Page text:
The son of a Wall Street lawyer father and an artistic mother, John Sculley was born in New York City and grew up in Bermuda and on Manhattan’s Upper East Side. As college approached, he was more interested in architecture and industrial design than in marketing or technology. He earned an undergraduate degree from Brown University and enrolled at the University of Pennsylvania’s School of Architecture. But a summer internship at a New York industrial design firm convinced Sculley that marketers, not designers, were calling the shots. So he switched to Wharton, Penn’s prestigious graduate school of business.
After earning his MBA in 1963, and taking advantage of his interest in math and statistical modeling, Sculley worked in market research for a New York advertising agency. Four years later, as big corporations began moving their marketing operations in-house, he joined the Pepsi-Cola Company as a trainee.
Sculley describes his first few months at Pepsi as a whirlwind of different jobs in different cities as he learned the rules of corporate culture and the ropes of the soft drink industry. By 1970, at age 30, he was Pepsi’s youngest vice president of marketing, managing a staff of 75. In 1977, after heading the company’s International Foods division and then serving as senior vice president for US sales and marketing, he was named the youngest ever President of Pepsi-Cola.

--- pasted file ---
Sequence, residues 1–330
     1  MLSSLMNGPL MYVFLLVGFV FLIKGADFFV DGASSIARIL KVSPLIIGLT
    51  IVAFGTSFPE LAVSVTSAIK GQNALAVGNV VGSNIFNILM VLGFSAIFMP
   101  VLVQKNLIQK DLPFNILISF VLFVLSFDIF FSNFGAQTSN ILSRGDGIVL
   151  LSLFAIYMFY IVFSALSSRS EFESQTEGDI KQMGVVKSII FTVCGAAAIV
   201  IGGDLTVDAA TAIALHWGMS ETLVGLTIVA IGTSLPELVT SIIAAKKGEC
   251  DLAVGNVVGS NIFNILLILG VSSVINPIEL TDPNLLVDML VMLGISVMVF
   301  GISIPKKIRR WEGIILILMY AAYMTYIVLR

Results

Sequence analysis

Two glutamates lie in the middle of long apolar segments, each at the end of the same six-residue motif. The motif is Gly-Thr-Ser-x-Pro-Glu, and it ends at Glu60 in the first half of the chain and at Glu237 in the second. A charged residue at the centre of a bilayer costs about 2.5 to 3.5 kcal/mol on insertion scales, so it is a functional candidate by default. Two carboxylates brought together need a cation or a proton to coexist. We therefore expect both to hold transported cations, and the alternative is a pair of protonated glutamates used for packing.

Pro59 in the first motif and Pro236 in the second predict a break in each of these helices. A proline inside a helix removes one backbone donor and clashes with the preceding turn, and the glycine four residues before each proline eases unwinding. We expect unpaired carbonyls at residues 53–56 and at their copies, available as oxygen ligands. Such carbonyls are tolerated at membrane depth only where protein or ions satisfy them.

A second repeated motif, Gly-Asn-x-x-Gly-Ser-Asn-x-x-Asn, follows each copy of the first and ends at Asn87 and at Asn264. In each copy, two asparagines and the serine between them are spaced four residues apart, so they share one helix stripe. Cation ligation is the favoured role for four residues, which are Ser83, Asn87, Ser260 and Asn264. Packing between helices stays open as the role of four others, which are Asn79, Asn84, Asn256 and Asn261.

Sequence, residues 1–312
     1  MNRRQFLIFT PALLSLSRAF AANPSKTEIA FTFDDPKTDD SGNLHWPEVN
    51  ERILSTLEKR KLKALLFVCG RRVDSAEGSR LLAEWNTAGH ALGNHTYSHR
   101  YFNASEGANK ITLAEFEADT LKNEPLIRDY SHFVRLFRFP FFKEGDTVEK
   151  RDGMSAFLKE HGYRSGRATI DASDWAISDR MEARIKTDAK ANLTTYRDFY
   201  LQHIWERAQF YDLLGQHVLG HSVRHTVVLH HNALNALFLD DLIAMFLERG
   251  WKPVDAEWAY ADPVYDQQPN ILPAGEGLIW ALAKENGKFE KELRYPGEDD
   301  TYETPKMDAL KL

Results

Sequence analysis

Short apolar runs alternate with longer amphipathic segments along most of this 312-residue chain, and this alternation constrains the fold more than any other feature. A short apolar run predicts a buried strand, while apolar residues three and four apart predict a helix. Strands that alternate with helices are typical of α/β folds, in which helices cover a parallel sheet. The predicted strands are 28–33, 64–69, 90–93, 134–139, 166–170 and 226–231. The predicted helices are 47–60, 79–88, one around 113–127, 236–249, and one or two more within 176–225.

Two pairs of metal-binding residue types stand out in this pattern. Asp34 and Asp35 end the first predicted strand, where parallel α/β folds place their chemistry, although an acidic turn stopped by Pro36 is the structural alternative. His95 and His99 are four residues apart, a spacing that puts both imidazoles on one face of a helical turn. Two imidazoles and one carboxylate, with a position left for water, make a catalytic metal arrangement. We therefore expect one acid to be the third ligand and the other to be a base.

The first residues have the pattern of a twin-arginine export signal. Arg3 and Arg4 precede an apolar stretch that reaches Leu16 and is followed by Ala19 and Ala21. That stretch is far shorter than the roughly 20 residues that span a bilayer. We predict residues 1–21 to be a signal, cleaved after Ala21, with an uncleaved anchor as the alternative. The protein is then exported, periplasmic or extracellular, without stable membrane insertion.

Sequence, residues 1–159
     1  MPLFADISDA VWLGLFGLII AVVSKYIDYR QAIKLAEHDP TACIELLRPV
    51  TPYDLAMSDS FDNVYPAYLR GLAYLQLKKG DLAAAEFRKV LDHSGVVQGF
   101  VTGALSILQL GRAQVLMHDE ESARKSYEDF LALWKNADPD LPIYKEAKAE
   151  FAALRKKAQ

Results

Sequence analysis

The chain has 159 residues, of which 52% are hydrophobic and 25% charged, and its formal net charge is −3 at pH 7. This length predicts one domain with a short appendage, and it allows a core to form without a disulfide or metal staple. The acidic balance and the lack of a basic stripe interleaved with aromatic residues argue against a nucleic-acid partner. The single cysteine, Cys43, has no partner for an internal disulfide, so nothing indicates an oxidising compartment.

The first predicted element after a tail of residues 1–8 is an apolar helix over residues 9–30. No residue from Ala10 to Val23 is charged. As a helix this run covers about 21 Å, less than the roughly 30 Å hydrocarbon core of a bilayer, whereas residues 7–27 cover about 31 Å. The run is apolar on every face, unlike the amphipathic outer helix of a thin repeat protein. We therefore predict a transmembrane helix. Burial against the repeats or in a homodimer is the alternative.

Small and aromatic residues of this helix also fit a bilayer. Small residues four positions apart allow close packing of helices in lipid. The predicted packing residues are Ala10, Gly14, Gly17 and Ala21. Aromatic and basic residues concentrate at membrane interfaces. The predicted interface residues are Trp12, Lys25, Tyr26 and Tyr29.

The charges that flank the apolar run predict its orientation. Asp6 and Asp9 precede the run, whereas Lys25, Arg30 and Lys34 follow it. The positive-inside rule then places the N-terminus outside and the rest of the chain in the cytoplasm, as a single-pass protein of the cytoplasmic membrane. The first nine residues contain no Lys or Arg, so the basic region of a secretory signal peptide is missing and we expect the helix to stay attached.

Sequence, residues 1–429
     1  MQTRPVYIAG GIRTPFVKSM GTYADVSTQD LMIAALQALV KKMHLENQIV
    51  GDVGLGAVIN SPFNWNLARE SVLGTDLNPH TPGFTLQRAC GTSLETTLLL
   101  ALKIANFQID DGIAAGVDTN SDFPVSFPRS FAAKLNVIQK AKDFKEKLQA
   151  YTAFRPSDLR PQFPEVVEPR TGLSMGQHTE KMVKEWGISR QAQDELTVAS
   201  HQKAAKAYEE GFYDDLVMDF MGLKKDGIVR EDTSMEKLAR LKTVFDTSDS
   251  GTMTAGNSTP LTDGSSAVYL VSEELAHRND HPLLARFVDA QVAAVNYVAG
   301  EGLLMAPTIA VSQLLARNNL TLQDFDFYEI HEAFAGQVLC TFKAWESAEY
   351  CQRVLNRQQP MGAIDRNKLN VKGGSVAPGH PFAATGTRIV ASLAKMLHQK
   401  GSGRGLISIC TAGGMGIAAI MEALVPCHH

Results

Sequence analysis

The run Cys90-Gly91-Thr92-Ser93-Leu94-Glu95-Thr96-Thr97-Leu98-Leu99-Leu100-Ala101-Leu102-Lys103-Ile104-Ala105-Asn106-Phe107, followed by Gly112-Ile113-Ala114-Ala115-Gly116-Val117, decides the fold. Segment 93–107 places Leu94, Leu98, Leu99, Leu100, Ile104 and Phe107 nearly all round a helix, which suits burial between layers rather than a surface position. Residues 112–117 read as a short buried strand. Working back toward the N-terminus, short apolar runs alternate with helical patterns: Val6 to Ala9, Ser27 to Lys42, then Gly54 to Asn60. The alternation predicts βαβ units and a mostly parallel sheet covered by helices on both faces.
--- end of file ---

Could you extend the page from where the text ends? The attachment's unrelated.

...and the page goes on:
Apple Computer founder Steve Jobs then recruited Sculley as CEO in 1983, asking him in a now-famous line, “Do you want to sell sugar water all your life, or do you want to change the world?”
The Macintosh had not yet been introduced. At the time, computers were sold largely based on their technology features. The difference for Apple, says Sculley, was their goal to create what Jobs called an “insanely great consumer experience.” “On the one hand, Apple might have missed something big by not being a technology licensing company, but that’s not the business we were in,” Sculley told Wharton Alumni Magazine. “We were in the business of marketing the experience.”
Macintosh become the number-one selling personal computer in the world during Sculley’s tenure as CEO, ending in 1993.